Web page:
Moko – I met her briefly once after a fantastic panel discussion last year in Oxford on women in the media. She was captivating to listen to - talking about everything from her gospel choir background to her position as a young woman of colour in the music industry. Plus, the hair, the hair, the hair. See her interview with Rookie here

Bat for Lashes – Natasha Khan’s multiple visual personas, wide-ranging artistic influences and interests, and strong awareness of image are all pretty fascinating. Plus, there’s the penchant for gardening, various honest observations on the sometimes challenging process of getting an album together, and an impressive number of strands to her output from video-making to clothes designs.  

Kate Tempest – I mulled over including her, but hell, she was shortlisted for a Mercury, so why not? Besides, a few Fridays ago she was responsible for one of the best gigs I’ve ever been to. It was a jubilant mixture of lyricism, sharp-witted observations and music that had us dancing (and sweating) very energetically. Added kudos to anyone whose central message for the audience to take away was “cultivate some radical fucking empathy, and check your greed.” After the gig, I spoke to a lovely English teacher who mentioned how he’d used some of her videos to get his year 9 class enthusiastic about Shakespeare – how wonderful is that?

St Vincent – I’m not quite sure how to summarize Annie Clark, because it’s tough to tell what I think is cooler – the innovation in her music, the fact she’s obviously both intellectually and creatively imposing (in the best way), her absolutely ace guitar playing, her attention to design detail (see her description here of the thought that went into the cover of her last album) or the quality of her writing, be it song lyrics or music commentary. Also, extra points for her cameos in Portlandia.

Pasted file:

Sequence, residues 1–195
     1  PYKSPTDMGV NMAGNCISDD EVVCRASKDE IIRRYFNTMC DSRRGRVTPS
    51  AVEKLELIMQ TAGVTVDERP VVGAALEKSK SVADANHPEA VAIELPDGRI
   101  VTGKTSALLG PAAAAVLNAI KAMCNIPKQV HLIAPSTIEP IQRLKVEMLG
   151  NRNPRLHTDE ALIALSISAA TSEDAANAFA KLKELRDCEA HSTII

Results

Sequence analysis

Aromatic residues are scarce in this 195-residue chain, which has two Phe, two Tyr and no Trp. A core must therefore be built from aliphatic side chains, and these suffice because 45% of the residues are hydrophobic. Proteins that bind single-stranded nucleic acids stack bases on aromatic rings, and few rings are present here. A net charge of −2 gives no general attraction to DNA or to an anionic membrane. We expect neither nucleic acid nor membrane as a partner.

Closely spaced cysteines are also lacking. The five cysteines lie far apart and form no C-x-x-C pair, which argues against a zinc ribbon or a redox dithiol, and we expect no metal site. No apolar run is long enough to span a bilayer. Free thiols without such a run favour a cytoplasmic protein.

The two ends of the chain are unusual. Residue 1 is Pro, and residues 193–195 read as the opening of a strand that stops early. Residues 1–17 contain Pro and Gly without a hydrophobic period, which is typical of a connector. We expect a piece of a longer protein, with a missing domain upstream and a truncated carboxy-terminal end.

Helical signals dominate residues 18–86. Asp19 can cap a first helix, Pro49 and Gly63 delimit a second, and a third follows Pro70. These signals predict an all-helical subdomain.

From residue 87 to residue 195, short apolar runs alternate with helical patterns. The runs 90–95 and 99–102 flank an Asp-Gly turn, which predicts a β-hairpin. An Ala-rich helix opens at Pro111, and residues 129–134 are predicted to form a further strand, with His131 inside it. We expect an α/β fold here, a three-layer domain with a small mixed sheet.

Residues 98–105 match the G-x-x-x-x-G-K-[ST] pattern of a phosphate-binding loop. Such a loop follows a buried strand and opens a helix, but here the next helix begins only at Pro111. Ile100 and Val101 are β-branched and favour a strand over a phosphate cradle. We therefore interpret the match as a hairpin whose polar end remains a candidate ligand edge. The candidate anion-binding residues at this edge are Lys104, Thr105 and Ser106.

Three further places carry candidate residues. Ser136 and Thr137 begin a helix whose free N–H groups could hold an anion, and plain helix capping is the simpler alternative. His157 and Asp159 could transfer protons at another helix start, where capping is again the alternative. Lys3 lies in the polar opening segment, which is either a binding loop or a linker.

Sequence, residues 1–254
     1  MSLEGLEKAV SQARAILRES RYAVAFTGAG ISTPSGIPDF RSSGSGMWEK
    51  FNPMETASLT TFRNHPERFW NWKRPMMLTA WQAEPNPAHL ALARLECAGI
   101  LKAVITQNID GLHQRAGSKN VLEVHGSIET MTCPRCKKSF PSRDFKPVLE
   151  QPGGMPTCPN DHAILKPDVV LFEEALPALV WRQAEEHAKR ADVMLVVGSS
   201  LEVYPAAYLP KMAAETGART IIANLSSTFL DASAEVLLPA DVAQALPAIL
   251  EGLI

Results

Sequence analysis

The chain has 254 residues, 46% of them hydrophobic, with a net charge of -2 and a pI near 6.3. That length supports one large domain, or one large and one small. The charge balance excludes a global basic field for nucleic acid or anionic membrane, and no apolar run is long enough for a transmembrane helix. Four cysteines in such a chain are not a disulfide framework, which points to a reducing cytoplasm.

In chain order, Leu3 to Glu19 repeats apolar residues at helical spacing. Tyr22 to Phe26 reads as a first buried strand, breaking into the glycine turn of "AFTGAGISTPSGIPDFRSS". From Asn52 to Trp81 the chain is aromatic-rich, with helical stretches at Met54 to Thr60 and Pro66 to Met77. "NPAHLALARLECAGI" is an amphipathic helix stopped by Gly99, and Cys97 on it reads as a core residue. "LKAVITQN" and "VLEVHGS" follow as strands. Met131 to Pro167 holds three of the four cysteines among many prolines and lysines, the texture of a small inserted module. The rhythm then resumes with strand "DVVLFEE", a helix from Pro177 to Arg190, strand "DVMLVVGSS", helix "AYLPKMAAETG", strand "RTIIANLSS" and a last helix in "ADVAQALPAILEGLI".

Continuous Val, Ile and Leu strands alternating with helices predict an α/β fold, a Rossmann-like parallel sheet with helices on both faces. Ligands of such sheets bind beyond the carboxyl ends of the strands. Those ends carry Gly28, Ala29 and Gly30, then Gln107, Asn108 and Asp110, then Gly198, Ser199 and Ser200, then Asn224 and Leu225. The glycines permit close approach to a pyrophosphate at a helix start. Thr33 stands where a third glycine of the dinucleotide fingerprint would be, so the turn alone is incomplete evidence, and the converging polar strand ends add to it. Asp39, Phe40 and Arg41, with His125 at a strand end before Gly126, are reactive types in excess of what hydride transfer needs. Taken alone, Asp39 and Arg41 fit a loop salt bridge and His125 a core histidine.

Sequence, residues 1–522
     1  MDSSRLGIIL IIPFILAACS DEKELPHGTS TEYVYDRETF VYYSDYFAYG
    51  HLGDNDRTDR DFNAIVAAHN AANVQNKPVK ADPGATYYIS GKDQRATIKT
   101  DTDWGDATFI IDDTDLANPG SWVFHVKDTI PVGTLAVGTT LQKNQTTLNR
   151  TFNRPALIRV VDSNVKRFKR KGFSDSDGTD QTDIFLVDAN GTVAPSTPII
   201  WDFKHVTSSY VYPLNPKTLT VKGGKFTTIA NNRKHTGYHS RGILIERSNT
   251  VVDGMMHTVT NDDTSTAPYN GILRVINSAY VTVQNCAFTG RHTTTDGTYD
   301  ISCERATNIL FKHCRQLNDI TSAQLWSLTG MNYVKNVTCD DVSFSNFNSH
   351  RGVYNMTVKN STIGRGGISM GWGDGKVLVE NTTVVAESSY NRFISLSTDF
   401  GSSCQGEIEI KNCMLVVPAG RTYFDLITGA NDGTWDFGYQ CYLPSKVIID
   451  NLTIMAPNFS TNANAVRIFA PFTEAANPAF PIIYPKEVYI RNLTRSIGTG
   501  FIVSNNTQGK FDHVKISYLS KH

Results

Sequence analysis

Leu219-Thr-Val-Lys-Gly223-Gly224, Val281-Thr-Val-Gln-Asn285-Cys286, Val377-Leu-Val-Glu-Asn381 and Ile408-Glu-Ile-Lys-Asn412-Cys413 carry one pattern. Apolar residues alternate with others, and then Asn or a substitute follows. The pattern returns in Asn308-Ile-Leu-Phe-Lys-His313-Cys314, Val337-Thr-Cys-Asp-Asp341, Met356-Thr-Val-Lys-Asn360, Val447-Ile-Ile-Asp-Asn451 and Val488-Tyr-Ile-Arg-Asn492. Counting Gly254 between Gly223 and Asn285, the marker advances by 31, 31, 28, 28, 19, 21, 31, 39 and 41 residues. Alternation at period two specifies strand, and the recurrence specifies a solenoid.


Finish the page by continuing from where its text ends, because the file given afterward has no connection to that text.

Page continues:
Kate Nash – A distinctive aesthetic and playful, rather joyous outfit choices, and various very cool things done or said about women’s rights (think the Rock n Roll for Girls After School Club, her recently launched Girl Gang initiative and her partnership with Plan USA in 2013 to talk about ‘the transformative power of investing in girls’). What’s not to like?

Over to you. Who'd be on your idly dreamt up list? 

Posed with my ancient iPod classic here (sadly deceased) as it just happened to look better than anything else. Had lots of fun pretending to dance around this field near our house. I'm wearing a sixties dress my mum gave me and vintage Bally men's brogues. 

Thursday, 20 November 2014

Second Hand First


My current room is bedecked with dresses – five of them strung across one wall, doing an excellent job of simultaneously providing decoration and hiding chipped paint marks. All but one are second hand, bought from an array of vintage stalls, charity shops and other clothes troves I’ve visited in the last few years. My wardrobe is also packed tight with skirts, shirts and jumpers that possibly had previous owners (and other stories) before I plucked them up from some pile or rail. This term the colours are all darkly jeweled - jades, deep blues, reds, pinks – with lots of black and grey thrown into the mix. There are velvets, silks, leather jackets, thick wools and the odd fancy hat. 

This little assembly of items is typical of my wider wardrobe. A small selection of it was bought new (think People Tree, ASOS Africa and the occasional foray into an independent designer or sustainable brand), but the rest has passed through other hands, other houses, other heritages first. I’d say about 80% of my clothing is second hand, whether it’s been bought by me, sneaked away from my mum, passed down from previous generations or received as gifts. 

I’ve been thinking about this a lot in the last few days, as the textiles charity TRAID have deemed this week to be one of going ‘Second Hand First’. They’re trying to encourage more people to think about the environmental impact of what they buy - and to source a percentage of their wardrobe second hand (you can even sign a pledge if you’re feeling ambitious). Obviously this is no challenge for me, as charity shops and vintage stalls are my natural hunting ground. But it’s good to be reminded of the thrill every now and then – the pleasure of sifting through fifties tea-dresses, the satisfaction of finding something you know you’ll wear time and time again. You can read more about the aims and actions of TRAID here